I like a challenge, and I like Chris, so I tried both - and am I glad I did. I really love this painting. I can't say that I understand it or can explain it. I can't say that it adheres to anything in reality, or to any rules - but it has a soft feeling that really appeals to me. Also I am a sucker for blue, so there you go.

I will post the other painting - this one's opposite, soon.

These are versions of a painting that I think might be the best one I ever did, which was bought by a dear friend of mine at the show in New York. Ellen Levine is the widow of my friend and boss Mike Levine. They both love art - well, loved - and they both love me - and I am honored that Ellen now has the painting - and in a way, is responsible for this one, too.

Thursday, March 10, 2011


Oil on canvas, 8x10

My third human, and I really like this one. Maybe the answer for me is to do men, or to demand that people close their mouths so I don't have to paint teeth.

I'm kidding, of course. The answer is to paint a thousand faces, and learn how to do it. After all, everything on a face is simply a shape, with light and dark on it. That's it.

I've been told that if I am having trouble, and I'm painting from a photograph, I should turn the photo upside down, and turn the painting upside down. It will keep me from painting "nose," and instead, have me painting a shape with a light side and a dark side.

I found out something interesting in making this painting of Pietro. Hair matters.

Sounds infantile, I know - but I always figured hair was sort of extra. Decoration. I had Pietro's face, and I could tell it was pretty close - but when I put his hair on, it nudged his face into "very close." So that's a breakthrough in thinking for me. And it's especially good because painting hair is much like painting dogs - and I know what I am doing when I'm painting dogs!

Wednesday, March 9, 2011


Oil on canvas, 8x10

Well my second attempt at a human is not as pleasing as my first. But I am undaunted. As Chris Rose, curator of Lighthouse Gallery, said when he saw my first effort: "Well, that's nice. Now go and do 200 more." So, 199 and counting. 

It is interesting to see the painting and the photo side by each, as they say in RI, and with a night's sleep between me and the effort. The left eyelid needs repair, teeth are amazingly difficult to do, and I am not helping myself by letting her hair go off the canvas. 

Where do you see problems? 

I am going to try again. I am undaunted. 

Tuesday, March 8, 2011

Outside Gaspe

Outside Gaspe
Oil on board, 5x7, not for sale

This is one of a number of smaller pieces I've been doing recently, a tactic I think I will continue. It is a way to strengthen my skills, and also to expand my inventory

I usually have paintings ranging from $45 to $1,000 in my shows, so there's usually something for everyone, if they want to buy. Many artists sell prints for more than I ask for my paintings. Whether that's right or wrong, I don't know. I do know that $65 is $65, and that buys groceries or gas or a bunch of plants for the garden. 

I'd much rather have an interested person buy a painting than a print. And I think most people would rather have a painting than a print. So we shall see. These seem to sell well, in spurts. 

I will be at the Paradise City show in Marlborough, MA, March 18-21. I have never exhibited at this show, and am honored to have been juried in. It's a very high-end art and craft show, at the Royal Plaza Trade Center. Click here to go to the website, get directions and see a sample of the fabulous stuff in the show!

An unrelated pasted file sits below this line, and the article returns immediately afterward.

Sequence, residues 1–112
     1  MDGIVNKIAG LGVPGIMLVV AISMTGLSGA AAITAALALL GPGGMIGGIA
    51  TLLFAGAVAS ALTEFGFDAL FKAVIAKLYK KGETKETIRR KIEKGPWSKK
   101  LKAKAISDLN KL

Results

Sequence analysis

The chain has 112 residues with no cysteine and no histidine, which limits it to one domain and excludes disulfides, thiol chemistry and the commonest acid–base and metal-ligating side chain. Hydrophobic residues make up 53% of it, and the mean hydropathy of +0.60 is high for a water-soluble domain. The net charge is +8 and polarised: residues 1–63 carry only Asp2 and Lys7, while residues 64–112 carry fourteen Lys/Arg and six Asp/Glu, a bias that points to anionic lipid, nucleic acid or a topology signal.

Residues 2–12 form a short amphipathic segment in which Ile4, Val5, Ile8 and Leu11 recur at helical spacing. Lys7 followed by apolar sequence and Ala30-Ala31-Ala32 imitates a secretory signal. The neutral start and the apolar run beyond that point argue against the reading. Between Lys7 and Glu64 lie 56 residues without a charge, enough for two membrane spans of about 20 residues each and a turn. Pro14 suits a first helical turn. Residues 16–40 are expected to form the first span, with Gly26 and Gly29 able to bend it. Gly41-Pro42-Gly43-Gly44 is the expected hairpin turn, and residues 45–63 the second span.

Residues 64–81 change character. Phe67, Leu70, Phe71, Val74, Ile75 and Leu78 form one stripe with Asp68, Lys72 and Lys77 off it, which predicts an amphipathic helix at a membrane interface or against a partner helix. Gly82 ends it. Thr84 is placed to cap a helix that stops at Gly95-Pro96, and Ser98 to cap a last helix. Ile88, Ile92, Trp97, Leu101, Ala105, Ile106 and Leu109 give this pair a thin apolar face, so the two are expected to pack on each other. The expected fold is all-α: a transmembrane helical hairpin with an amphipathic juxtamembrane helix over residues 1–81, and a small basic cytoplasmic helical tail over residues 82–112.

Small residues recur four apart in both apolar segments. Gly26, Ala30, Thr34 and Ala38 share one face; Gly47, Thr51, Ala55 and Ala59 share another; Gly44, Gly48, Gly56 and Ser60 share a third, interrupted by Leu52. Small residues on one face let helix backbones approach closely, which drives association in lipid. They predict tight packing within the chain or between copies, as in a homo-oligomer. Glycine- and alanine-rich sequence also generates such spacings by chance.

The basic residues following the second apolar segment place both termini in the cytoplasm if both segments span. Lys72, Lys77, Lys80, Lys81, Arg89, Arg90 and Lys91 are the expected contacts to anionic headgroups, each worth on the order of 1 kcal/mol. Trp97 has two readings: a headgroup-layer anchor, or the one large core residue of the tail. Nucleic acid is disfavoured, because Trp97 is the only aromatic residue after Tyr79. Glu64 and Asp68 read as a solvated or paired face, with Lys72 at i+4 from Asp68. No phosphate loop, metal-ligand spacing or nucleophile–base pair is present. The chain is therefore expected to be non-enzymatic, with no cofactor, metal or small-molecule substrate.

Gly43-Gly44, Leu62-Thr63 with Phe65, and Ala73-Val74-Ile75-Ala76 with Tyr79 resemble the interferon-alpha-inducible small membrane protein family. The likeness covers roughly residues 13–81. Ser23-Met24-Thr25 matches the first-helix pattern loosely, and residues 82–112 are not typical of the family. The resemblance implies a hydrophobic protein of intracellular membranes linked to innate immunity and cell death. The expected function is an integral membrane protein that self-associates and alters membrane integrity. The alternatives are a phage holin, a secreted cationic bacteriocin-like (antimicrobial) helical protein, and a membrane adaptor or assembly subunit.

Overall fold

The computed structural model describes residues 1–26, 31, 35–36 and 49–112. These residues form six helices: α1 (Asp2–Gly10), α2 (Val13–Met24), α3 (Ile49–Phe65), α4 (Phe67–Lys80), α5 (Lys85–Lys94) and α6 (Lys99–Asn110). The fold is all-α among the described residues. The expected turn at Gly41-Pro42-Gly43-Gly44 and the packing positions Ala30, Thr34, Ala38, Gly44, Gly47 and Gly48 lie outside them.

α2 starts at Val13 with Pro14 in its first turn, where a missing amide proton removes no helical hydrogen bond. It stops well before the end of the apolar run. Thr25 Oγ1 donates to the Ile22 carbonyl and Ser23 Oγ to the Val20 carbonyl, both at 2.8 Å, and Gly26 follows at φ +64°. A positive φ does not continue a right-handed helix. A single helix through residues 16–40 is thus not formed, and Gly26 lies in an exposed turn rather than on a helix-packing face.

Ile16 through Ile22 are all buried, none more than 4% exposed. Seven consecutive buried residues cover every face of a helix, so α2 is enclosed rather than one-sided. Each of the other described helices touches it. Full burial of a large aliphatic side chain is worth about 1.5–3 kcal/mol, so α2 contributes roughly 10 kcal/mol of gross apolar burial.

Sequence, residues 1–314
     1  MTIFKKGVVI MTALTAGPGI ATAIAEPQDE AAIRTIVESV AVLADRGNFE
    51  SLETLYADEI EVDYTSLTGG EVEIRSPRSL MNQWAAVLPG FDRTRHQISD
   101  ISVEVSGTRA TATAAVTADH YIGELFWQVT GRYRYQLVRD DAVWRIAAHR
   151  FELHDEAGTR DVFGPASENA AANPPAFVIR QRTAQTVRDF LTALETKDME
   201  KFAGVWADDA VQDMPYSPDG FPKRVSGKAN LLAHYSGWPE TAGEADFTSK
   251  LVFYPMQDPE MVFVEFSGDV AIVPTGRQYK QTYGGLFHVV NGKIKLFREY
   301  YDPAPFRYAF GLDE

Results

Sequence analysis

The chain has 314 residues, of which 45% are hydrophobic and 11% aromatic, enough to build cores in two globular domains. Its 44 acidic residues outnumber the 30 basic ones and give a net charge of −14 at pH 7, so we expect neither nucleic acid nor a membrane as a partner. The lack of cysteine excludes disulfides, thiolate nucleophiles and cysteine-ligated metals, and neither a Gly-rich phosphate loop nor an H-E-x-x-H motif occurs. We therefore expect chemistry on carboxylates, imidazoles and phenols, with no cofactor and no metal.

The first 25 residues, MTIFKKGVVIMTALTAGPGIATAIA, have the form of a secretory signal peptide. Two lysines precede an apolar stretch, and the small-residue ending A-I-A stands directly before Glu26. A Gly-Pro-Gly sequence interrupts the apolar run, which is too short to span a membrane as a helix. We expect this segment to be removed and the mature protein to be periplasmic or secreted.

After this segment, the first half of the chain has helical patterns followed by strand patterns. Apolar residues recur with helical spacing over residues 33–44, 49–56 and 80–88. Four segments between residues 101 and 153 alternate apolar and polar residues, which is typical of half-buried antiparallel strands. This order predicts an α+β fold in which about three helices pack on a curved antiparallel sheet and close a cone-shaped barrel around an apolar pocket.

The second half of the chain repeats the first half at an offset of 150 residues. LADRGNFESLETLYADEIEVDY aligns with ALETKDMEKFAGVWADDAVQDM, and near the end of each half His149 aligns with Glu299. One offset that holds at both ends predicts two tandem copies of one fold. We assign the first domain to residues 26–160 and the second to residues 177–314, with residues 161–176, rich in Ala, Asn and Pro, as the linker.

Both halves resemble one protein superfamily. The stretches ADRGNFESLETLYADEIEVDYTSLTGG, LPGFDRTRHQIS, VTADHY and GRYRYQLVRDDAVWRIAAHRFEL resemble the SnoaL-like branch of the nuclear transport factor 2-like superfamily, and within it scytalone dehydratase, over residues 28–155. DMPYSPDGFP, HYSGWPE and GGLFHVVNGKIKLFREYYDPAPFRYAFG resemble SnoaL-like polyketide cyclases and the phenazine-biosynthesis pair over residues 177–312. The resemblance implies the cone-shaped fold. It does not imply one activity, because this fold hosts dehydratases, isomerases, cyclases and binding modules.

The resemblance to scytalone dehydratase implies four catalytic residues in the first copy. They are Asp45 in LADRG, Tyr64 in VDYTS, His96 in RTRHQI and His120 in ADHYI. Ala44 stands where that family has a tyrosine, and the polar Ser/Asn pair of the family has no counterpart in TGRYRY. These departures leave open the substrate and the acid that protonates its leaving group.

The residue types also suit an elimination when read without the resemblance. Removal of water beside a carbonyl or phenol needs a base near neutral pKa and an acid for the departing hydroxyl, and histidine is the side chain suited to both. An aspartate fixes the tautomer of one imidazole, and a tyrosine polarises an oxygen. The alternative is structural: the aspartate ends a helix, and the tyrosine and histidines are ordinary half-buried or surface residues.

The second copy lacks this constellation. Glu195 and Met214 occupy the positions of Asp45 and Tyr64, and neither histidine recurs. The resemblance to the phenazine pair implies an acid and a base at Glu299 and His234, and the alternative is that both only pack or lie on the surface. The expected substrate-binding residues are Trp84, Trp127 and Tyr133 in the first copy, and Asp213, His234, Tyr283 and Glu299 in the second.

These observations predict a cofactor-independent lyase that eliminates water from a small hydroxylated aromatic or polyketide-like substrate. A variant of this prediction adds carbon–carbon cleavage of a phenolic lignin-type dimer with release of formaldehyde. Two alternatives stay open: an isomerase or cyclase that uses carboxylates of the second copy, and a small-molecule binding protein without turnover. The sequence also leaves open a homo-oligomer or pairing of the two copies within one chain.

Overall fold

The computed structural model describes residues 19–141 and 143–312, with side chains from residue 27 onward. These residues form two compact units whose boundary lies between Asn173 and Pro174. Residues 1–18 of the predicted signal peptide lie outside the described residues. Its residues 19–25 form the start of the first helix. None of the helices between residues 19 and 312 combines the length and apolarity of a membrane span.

Honestly, you could have knocked me over with a feather when I found out I was accepted! 

Photos from an exhibition

Summer and her mom, Elissa

Lori Rembetski, an amazingly talented sculptor. I have three of her dog sculptures, and they make me smile every day.

On the left, Laura Maiolo, whose beautiful work shares the space with my paintings for the rest of the month

Chris Rose, Lighthouse Gallery curator, maker of large gestures. 

We had a good turnout for the opening reception! 

Chris Rose, curator, talks with friends and supporters at the opening of "Oil & Water, Sunlight & Shadow" at the Lighthouse Gallery on March 4. 

The guy in the hat is my godson and son-in-law, Jon Mowrey. He and our daughter, Erika, came to the opening.

Laura Maiolo and I had a fabulous opening reception on Friday at the Lighthouse Gallery in Groton. Chris Rose, the curator, said he thought 60 people came through during the event. 

Many friends and co-workers from Patch came to the show, and that really touched my heart. Those of us who work for Patch work alone, in our houses, in our cars, in our cluttered and often dark heads, and so to see so many come out, and get together and have fun - and see my work! - well, it was a treat indeed. 

If you didn't make the show, no worries. It will be up at the Lighthouse Gallery through the end of the month, with the minor exception of March 17 and 18, when I will be taking the bulk of the work to the Paradise City show in Marlborough, MA

This is a big deal show that I've gotten into, a very high-end collection of artists and craftspeople, and I am thrilled to be included. It's at the Royal Plaza Trade Center. Directions are on the website.

In the meantime, if you're in the area here, please stop in to the Lighthouse Gallery. If you have been considering buying a piece of mine or Laura's, this is a great place to buy. Commissions go to help the Lighthouse Voc-Ed program, which helps kids with developmental disabilites. It's a wonderful program run by dedicated, caring people, and I love that my sales help them. 

And if you came to the opening, thank you! You made my heart sing.